The disparity between income and access to technology is one of the biggest fault lines in the globe. In 2021, fixed broadband internet access was available in 72.7% of homes, while mobile internet was available to 60.7% of people. This indicates that billions of people worldwide still lack regular access to high-speed internet. North America has by far the biggest E&M expenditure per person, with US$2,229, almost double what Western Europe spends per person in US$1,158. In comparison, Asia-Pacific, which had the most income in E&M in 2021, only spent US$224 per person. The Middle East and Africa have the lowest per capita E&M expenditure, at US$82.

Consumer Outlook

Video Entertainment: A Bright Future?

Fig.7: Top Ten Countries by Consumer Growth, 2021−26, CAGR, %

Source: PwC's Global Entertainment and Media Outlook 2022-2026

Turkey has the highest consumer revenue growth rate, with a 14.2 percent CAGR from 2021 to 2026. A significant increase in video games, music, and movies will propel this rate. On the other end of the scale, Japan's population, which is elderly and falling, will only expand at a CAGR of 1.4 percent through 2026. Latin America, the Middle East, Asia, and Africa make up the top ten nations by CAGR, where expenditure is modest but OTT video and video games account for the majority of revenue growth.

Gaming Scenario

Video Entertainment: A Bright Future?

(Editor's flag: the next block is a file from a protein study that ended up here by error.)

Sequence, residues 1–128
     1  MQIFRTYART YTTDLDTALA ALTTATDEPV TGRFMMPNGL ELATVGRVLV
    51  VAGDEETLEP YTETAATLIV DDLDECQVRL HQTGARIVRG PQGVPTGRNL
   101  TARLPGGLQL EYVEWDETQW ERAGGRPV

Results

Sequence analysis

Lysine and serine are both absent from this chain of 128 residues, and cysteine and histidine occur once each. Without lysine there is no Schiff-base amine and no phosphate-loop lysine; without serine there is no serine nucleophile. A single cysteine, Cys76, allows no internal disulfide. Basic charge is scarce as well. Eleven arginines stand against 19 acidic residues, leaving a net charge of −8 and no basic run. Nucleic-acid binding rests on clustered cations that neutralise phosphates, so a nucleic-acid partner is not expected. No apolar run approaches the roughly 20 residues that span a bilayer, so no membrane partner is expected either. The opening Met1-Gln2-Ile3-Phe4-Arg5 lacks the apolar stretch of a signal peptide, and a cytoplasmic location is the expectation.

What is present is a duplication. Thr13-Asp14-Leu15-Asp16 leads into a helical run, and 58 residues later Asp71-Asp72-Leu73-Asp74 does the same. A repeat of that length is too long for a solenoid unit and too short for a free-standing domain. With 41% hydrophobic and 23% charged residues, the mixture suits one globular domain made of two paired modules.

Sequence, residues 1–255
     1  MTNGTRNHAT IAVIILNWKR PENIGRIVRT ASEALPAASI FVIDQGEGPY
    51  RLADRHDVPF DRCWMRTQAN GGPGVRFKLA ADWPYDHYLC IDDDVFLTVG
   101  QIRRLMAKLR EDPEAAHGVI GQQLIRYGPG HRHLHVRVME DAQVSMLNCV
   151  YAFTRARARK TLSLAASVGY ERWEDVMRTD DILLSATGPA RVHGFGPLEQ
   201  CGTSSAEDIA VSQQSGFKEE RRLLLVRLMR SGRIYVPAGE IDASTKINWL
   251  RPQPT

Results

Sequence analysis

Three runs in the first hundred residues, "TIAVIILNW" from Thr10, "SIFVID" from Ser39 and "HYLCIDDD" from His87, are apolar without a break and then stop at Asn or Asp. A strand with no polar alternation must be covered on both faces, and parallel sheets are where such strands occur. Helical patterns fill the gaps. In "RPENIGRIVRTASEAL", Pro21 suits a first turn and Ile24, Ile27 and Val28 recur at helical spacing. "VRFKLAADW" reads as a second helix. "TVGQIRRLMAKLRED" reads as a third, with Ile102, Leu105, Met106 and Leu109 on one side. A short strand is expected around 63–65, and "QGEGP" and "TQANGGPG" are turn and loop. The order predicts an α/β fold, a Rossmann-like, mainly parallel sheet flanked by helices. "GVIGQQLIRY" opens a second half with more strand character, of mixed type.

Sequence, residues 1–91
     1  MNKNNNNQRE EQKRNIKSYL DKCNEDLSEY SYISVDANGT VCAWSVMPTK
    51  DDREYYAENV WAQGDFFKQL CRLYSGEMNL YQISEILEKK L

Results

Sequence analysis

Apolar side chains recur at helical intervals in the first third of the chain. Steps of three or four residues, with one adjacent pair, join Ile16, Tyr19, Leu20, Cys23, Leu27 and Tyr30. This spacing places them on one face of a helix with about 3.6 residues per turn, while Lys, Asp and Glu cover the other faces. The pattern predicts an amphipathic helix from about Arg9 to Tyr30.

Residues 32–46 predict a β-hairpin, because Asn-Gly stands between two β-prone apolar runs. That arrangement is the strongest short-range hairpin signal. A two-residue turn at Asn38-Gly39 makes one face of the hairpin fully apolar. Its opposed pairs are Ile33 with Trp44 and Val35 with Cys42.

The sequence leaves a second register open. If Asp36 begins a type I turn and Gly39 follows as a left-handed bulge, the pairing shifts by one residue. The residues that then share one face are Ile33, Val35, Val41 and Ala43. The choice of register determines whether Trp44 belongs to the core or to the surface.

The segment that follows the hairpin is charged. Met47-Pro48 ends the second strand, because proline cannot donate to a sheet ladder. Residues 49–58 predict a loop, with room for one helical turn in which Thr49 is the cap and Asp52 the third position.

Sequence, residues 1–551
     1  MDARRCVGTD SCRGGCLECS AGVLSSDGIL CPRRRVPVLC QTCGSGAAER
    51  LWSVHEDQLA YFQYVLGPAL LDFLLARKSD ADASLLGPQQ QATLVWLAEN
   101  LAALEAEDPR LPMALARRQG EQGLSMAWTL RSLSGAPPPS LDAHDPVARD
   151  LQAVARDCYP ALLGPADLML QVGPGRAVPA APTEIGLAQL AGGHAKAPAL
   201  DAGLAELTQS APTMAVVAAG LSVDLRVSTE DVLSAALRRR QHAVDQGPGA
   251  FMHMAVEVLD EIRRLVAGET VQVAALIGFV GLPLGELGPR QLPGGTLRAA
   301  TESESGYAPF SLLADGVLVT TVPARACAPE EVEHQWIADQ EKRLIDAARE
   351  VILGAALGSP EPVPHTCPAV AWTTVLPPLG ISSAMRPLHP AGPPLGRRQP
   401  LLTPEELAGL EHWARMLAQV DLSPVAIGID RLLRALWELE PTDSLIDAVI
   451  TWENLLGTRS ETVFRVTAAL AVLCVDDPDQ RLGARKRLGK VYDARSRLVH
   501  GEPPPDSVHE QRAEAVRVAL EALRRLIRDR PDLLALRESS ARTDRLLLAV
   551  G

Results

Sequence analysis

Fig.8: Total Global Video Games Revenue, by Segment (US $ Billion)

Source: PwC's Global Entertainment and Media Outlook 2022-2026

Video games, the medium most popular with young people, are one of the fastest-growing industries. The overall revenue from video games (excluding e-sports) was US$214.2 billion in 2021, and it will increase at a CAGR of 8.4 percent to US$321.1 billion in 2026. (The industry is one of only three to increase its base revenue by more than US$100 billion throughout the projection period; the other two are internet access and online advertising.) In 2017, only 6.1 percent of all E&M expenditures were spent on video games globally. They will represent 10.9 percent of the market by 2026 as the niche gets more popular. The fast rising investment in in-app advertising will boost revenues. In 2021, about half of all gaming and e-sports revenue was generated outside of China and the US. However, many of wealthy but populated nations have a lot of opportunities for expansion. Between 2021 and 2026, Turkey will have the fastest-growing market for video games (with a CAGR of 24.1%), followed by Pakistan (21.9%) and India (18.3 %). The metaverse and the next generation of digital entertainment, brand experiences, and immersive experiences are all being paved over by gaming, with its virtual goods and immersive experiences.

Cinemas Back in the Game

Video Entertainment: A Bright Future?

Fig.9: Total Global Cinema Revenues and Admissions (US $ Billion)

Source: PwC's Global Entertainment and Media Outlook 2022-2026